As the country celebrates the unveiling of the Dr. Martin Luther King Jr. Memorial and reflects on the historic March on Washington, this is an opportune time to highlight economic justice, a key element of Dr. King's vision for America. In 1960, 1/5th of the country, approximately 39 million Americans, lived at or below the poverty line. Racial inequality was accepted as the norm and many disenfranchised communities had little hope of socio-economic advancement. Dr. King in his famous "Letter from the Birmingham jail" described the situation as one where the disenfranchised were "smothering in an airtight cage of poverty in the midst of an affluent society." In 1963, a rallying cry against these conditions was heard throughout the world at The March on Washington for Jobs and Freedom. At this "March on Washington," Dr. King delivered his historic "I Have a Dream" speech where he advocated for racial and economic justice, asserting that freedom was inextricably tied to both.
The March on Washington for Freedom and Jobs galvanized the government to act and within a few years President Lyndon Johnson created government programs, also referred to as Great Society Programs, that provided educational, social and employment training services to eliminate poverty. Approximately $10 billion dollars were allocated towards the creation of programs such as the Food Stamp Program, Medicare, Medicaid, Jobs Corps, and Head Start, all which began to significantly address the poverty crisis. In fact, between 1959 and 1969, the number of people classified as being in or near poverty dropped from 22.4 percent to 12.1 percent -- 39 million to 24 million -- clear evidence of the effectiveness of these programs. As funds for these programs were diverted to fund the Vietnam War and later experienced massive cuts, the nation's poverty rate began to creep back up to 15% during the Reagan years and in the midst of the ongoing Great Recession at about 14%. Over the last thirty years our national economy has increasingly seen its wealth concentrated in fewer and fewer hands and this has been a primary stumbling block to advancing Dr. King's dream into a reality.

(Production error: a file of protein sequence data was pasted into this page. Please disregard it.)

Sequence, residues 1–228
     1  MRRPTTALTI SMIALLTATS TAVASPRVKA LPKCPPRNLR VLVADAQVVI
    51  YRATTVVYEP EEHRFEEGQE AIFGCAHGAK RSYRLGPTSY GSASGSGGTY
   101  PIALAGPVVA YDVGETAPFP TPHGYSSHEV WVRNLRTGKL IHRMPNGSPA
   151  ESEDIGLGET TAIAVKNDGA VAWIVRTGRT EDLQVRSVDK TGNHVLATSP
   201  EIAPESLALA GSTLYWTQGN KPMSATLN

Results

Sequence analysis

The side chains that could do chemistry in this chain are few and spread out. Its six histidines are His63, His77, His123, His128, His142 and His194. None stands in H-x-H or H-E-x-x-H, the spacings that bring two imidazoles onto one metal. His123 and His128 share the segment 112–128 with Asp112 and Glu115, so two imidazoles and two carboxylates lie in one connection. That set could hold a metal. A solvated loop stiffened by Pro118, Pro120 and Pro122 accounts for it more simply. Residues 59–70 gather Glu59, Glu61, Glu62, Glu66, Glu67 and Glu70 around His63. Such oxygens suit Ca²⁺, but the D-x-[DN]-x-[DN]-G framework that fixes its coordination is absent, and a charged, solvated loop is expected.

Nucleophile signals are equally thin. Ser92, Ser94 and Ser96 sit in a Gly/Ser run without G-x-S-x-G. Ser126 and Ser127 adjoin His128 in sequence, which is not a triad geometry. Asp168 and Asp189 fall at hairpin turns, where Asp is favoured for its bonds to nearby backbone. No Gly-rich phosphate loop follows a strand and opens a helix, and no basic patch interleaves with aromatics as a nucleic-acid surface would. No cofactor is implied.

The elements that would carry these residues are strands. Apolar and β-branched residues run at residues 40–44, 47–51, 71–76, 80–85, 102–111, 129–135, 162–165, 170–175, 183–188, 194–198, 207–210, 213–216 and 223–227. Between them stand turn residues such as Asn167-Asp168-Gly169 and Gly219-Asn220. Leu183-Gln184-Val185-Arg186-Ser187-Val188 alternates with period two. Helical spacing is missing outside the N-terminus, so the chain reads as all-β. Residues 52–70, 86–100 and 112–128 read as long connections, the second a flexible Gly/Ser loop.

Currently, in the U.S., we are facing generations of underemployment, financial insecurity and enormous levels of inherited debt. Almost 50 years after the March on Washington, racial economic inequality is on the rise rather than declining. The national unemployment rate is 9.2 percent with African American and Latino unemployment at 15.9 percent and 11.3 percent respectively. Income inequality is higher now than when Dr. King died in 1968. Since 2005, Hispanics and African-Americans have experienced a drop in wealth at 66% and 53% respectively. Youth unemployment is currently at 19% and even worse, a staggering 35% for African American youth. And yet, poor communities and communities of color may experience even harsher economic realities as the ongoing debt debate is centering on cutting "entitlements" or government investments which have been at the center of keeping low to moderate income Americans from falling into poverty.
Dr. King states, "There is nothing new about poverty. What is new, however, is that we now have the resources to get rid of it." We are currently funding three unpopular wars that, like the Vietnam War, are diverting a significant amount of dollars that could be used to aggressively combat poverty and provide opportunities to reclaim the American Dream. It is simply a matter of priorities. Therefore, in the spirit of Dr. King's legacy, let us reevaluate our country's commitment to the groups Dr. King sacrificed his life to protect -- the economically vulnerable and recognize that advancing a strong middle class economy must have progressive policy as the center of the struggle (e.g., social safety net, government investment in opportunity and equity, and progressive taxation on the wealthiest of Americans). Let's not commemorate Dr. King's memorial without recommitting ourselves to fulfilling the vision he and so many brave men and women fought for -- economic justice for all.
By Dedrick Muhammad, Senior Director onf the NAACP Economic Department and Nicole Kenney, NAACP Economic Education Specialist.
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